Deciphering the molecular dynamics of complex proteins
Which structures do complex proteins adopt in solution? Konstanz biophysicists answer this question using the example of ubiquitin dimers as well as a new combination of high-resolution NMR spectroscopy and sophisticated computer simulations.
Proteins consist of amino acids, which are linked to form long amino acid chains as specified by our genetic material. In our cells, these chains are not simply rolled up like strings of pearls, but fold into complex, three-dimensional structures. How a protein is folded decisively influences its function: It determines, for example, which other molecules a protein can interact with in the cell. Knowledge of the three-dimensional structure of proteins is therefore of great interest to the life sciences and plays a role in drug development, among other things.
“Unfortunately, elucidating the structure of a protein is anything but trivial, and focusing on a single state does not always provide meaningful information, especially if the protein is highly flexible in terms of its structure,” says Tobias Schneider, a member of Michael Kovermann’s lab team in the Department of Chemistry at the University of Konstanz.
The reason: complex proteins often fold into several compact subunits, called domains, which in turn may be connected by flexible linkers. The more flexibly connected subunits are present, the more different three-dimensional structures a protein can theoretically adopt. “This means that a protein in solution, for example inside our cells, has several equal states and constantly switches between them,” Schneider explains.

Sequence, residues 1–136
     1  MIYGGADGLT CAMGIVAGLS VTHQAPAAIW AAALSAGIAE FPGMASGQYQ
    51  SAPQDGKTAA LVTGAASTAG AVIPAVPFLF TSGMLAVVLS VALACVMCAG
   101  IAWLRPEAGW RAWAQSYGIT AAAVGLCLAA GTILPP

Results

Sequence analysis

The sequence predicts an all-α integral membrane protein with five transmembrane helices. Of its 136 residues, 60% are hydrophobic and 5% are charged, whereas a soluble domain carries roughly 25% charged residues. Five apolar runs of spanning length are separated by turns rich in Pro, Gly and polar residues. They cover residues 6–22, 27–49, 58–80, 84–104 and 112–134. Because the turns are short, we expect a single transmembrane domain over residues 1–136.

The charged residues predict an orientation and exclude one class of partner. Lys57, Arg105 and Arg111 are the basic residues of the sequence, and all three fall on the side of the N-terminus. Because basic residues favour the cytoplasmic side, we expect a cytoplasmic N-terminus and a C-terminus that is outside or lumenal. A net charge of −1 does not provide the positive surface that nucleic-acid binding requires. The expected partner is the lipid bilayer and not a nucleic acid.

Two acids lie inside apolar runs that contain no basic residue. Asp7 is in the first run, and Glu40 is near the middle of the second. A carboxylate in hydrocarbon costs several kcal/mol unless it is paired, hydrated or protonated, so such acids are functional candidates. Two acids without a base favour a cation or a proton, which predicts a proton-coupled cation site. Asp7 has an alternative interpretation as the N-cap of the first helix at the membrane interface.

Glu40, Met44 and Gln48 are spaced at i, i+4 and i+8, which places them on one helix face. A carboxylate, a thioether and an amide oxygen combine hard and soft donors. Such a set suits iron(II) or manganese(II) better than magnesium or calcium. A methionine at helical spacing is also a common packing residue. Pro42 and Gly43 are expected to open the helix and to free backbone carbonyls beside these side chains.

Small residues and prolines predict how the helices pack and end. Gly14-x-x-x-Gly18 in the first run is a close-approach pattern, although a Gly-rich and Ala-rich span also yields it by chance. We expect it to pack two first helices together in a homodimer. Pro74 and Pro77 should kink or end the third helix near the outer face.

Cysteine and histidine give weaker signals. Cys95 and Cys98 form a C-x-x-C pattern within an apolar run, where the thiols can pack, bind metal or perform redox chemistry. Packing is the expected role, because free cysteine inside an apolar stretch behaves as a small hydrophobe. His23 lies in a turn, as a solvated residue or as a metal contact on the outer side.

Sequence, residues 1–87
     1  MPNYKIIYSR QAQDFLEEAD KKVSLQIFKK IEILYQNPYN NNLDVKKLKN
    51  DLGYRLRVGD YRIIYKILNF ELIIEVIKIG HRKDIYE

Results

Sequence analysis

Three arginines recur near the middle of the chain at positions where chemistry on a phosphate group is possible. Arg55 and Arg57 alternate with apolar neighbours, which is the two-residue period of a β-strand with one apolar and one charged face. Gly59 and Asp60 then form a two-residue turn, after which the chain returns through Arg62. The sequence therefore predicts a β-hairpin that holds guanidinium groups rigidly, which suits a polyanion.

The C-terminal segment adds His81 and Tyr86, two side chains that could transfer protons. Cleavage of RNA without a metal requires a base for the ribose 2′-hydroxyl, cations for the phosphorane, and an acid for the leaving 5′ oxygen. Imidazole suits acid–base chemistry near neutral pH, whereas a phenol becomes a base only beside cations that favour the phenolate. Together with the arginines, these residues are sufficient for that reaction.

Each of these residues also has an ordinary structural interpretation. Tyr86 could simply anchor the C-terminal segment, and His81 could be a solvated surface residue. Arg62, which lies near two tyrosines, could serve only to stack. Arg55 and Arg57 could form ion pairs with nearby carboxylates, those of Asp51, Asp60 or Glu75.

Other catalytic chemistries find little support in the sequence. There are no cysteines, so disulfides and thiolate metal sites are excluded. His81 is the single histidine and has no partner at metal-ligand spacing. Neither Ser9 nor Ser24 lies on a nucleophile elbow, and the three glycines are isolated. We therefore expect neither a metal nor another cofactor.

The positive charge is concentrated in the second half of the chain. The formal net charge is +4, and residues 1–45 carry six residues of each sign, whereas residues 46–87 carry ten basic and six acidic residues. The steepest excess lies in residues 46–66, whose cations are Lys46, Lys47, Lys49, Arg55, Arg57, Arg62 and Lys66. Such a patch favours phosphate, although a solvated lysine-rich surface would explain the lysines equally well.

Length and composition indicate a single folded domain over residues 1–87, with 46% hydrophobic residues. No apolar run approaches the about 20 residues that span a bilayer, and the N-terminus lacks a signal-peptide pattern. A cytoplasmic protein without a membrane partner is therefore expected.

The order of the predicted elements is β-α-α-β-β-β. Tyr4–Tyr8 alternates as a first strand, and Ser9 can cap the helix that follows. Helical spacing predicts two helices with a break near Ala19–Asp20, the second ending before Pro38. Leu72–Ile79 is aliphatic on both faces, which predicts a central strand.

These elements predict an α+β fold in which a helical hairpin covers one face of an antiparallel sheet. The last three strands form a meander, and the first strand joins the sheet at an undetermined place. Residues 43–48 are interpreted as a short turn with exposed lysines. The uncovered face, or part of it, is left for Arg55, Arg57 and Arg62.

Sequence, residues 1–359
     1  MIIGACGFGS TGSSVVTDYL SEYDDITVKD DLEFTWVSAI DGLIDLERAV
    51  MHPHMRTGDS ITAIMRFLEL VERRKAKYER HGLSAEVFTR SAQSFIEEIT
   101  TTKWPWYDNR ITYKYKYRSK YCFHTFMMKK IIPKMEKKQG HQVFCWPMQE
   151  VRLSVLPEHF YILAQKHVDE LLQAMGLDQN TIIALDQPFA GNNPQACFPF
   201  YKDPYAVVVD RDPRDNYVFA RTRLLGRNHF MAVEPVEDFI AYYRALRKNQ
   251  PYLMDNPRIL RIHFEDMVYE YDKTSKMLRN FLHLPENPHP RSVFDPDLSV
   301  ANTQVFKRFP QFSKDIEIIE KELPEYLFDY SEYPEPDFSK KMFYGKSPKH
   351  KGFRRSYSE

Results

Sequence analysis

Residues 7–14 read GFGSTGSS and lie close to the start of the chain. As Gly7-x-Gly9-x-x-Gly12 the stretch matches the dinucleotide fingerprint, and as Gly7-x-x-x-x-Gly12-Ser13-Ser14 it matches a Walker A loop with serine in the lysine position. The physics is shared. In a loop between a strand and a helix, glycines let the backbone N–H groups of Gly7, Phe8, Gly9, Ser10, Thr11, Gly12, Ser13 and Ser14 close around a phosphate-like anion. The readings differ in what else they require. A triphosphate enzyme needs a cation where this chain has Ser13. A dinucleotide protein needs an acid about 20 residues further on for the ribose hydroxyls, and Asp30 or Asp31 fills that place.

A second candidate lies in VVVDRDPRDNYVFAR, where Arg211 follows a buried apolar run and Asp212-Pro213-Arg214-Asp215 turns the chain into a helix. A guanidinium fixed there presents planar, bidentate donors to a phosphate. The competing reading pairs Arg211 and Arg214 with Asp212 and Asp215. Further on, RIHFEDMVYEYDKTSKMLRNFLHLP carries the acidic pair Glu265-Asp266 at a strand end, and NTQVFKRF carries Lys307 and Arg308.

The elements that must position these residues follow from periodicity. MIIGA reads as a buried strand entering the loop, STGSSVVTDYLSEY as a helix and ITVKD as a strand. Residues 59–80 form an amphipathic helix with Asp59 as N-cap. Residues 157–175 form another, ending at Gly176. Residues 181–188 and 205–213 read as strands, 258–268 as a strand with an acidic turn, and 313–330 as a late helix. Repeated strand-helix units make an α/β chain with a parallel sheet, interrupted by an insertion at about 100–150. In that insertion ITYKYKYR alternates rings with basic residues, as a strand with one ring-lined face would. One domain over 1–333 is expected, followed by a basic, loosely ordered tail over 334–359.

Tracking down the structural ensemble
A simple snapshot is not sufficient to fully describe the structural features of such multi-domain proteins, as it would capture only one of many states at a time. To get a detailed picture of the possible structures of such proteins, a smart combination of different methods is needed. In an article published in the journal Structure, Konstanz biophysicists led by Michael Kovermann and Christine Peter (also Department of Chemistry) present a corresponding approach using complementary methods.
“Through NMR spectroscopy, for example, we get information about the dynamic properties of such proteins. Complex computer simulations, on the other hand, provide a good overview of the range of possible folds,” explains Kovermann. “So far, no general approach that comprehensively maps the dynamic and structural properties of multi-domain proteins had existed.”
The researchers from Konstanz therefore devised a workflow that combines NMR spectroscopy and computer simulations, allowing them to obtain information on both properties with high temporal and spatial resolution.
Proof of feasibility included
The researchers also provided evidence that the method works: They examined various ubiquitin dimers. These consist of two units of the protein ubiquitin that are linked by a flexible bond, just like the situation in cells. It is thus a prime example of a multi-domain protein for which different structural models have been suggested so far and which is of great scientific interest.
The researchers were able to show that the ubiquitin dimers they studied exhibit a high structural variability and that this can be described in detail using the developed combination of methods. The results also explain the different structural models that currently exist of ubiquitin dimers.
“We are convinced that our approach—combining complementary methods—will work not only for ubiquitin dimers but also for other multi-domain proteins,” Schneider says. “Our study opens new avenues to better understand the high structural diversity of these complex proteins that plays a crucial role in their biological functions.”